Anthropocene Series

 

"The planet’ll be here and we’ll be long gone. Just another failed mutation … An evolutionary cul-de-sac. The planet’ll shake us off like a bad case of fleas. The planet will be here for a long, long, LONG time after we’re gone, and it will heal itself, it will cleanse itself, ’cause that’s what it does. It’s a self-correcting system. The air and the water will recover, the earth will be renewed. And if it’s true that plastic is not degradable, well, the planet will simply incorporate plastic into a new paradigm: the earth plus plastic. 

 

― George Carlin

 

 

The Geological Society of America has reported the discovery of a new kind of "rock" found on Kamilo Beach, Hawaii. A mix of both organic and manmade materials, this material is referred to as plastiglomerate.

 

Javier Sasieta creates work from tide wrack, or marine debris washed ashore as well as other found objects and traditional mediums. Fascinated by fossils and archaeology, he combines the organic and manmade materials he scours to comment on the nature of earth's adaptation and potential for this anthropogenically influenced material to form a marker horizon of humans interaction with the Earth.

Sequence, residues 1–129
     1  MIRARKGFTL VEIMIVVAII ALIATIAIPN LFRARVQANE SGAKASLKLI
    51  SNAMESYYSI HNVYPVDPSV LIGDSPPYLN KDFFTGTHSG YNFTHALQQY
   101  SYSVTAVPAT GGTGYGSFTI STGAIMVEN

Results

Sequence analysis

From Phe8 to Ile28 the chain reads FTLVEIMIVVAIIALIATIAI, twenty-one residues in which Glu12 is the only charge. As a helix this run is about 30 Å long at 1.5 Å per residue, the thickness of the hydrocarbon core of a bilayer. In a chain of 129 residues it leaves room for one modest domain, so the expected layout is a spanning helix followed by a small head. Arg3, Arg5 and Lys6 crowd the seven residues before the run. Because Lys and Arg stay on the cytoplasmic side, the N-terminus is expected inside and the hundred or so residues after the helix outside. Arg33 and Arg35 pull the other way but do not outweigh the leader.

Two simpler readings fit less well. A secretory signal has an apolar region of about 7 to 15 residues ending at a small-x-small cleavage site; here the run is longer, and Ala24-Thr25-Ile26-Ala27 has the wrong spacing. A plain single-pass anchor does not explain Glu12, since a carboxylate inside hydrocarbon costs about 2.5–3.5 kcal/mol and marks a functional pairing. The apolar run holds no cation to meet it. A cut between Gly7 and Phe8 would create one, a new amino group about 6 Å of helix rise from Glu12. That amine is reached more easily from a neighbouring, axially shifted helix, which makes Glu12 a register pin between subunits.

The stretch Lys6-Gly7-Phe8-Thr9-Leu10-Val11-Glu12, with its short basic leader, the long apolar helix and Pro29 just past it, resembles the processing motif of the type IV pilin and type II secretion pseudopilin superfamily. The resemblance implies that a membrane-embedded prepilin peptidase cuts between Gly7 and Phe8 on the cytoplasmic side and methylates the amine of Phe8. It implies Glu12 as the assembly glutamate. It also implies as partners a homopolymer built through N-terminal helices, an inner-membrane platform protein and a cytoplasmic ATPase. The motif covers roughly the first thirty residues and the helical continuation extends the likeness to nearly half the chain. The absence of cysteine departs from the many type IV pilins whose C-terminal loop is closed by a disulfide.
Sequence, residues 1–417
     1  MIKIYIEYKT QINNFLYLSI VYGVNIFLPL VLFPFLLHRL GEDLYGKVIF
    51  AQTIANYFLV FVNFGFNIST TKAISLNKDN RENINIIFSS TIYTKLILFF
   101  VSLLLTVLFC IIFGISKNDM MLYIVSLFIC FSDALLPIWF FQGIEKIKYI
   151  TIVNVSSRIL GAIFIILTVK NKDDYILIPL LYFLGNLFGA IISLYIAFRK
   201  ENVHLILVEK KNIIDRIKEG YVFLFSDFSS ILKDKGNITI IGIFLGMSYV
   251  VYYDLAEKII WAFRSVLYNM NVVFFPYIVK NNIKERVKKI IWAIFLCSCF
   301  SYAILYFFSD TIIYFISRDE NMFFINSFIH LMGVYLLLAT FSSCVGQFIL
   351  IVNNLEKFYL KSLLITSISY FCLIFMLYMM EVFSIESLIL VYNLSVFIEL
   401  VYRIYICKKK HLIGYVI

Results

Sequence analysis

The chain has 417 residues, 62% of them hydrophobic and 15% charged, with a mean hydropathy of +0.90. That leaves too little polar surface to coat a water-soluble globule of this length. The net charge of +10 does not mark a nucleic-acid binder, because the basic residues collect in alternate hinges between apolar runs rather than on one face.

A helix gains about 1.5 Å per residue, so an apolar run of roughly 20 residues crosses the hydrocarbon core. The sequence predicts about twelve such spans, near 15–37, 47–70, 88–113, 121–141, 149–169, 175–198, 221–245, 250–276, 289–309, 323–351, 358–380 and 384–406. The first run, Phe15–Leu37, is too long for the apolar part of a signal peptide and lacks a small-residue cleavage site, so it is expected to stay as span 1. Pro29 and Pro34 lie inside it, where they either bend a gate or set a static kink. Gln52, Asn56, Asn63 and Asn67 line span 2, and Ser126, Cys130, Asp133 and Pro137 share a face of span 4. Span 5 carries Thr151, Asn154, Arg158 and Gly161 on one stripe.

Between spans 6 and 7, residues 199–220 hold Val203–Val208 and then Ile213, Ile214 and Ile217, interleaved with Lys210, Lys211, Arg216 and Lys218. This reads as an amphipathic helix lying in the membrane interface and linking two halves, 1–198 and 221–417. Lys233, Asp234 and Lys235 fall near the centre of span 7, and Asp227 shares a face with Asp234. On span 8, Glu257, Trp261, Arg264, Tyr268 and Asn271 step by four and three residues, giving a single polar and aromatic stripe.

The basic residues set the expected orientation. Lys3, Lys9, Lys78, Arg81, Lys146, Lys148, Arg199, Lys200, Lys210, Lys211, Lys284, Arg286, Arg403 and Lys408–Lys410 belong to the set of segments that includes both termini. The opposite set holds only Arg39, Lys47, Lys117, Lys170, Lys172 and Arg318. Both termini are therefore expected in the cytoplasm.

In an attempt to control the earth, mankind plays god and has littered the planet with nonorganic and non biodegradable items, his art explores the ways the earth chould repurpose these materials, cultivating something new. 

 

His work examines the relationship between art and science and the qualites that make us human.  It reflects the idea that the earth will reclaim the garbage, take everything humans have thoughtlessly done to harm it, and make it its own. It's a self-healing, innovative organism that knows how to restore itself.  Taking that which wounds, that challenges, and creating something new and whole from the discord. 

 

His work is also a portrait of the 20th Century's disregard for the environment and a reflection of the absurdity of humanity. What are we leaving behind? What are future generations going to dig up from our civilization? This plastiglomerate "rock"? A mountainside made of plastic forks, knives, and bent bottle caps? Styrofoam may never vanish, but it will evolve into something different. 

 

 

 

javiersasieta

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